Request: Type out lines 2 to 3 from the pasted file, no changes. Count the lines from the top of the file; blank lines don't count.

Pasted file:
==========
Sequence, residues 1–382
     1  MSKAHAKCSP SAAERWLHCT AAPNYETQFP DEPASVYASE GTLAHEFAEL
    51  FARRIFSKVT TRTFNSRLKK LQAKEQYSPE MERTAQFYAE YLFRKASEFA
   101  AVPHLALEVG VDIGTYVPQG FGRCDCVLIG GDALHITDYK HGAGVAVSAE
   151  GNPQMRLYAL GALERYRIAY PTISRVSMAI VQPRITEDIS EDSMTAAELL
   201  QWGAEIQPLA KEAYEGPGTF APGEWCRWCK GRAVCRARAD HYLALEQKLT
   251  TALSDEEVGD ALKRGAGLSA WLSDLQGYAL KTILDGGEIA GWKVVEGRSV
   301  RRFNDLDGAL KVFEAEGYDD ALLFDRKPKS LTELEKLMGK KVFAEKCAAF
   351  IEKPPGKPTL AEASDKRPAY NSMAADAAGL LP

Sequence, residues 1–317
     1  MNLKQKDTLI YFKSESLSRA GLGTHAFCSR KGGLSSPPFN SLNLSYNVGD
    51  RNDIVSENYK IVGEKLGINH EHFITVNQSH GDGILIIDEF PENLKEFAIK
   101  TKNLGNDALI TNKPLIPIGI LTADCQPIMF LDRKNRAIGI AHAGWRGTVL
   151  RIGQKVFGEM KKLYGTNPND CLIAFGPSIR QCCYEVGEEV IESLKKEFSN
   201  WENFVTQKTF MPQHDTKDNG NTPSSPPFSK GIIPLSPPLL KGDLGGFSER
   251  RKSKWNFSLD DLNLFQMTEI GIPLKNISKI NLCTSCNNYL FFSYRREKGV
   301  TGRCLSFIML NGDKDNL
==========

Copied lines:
     1  MSKAHAKCSP SAAERWLHCT AAPNYETQFP DEPASVYASE GTLAHEFAEL
    51  FARRIFSKVT TRTFNSRLKK LQAKEQYSPE MERTAQFYAE YLFRKASEFA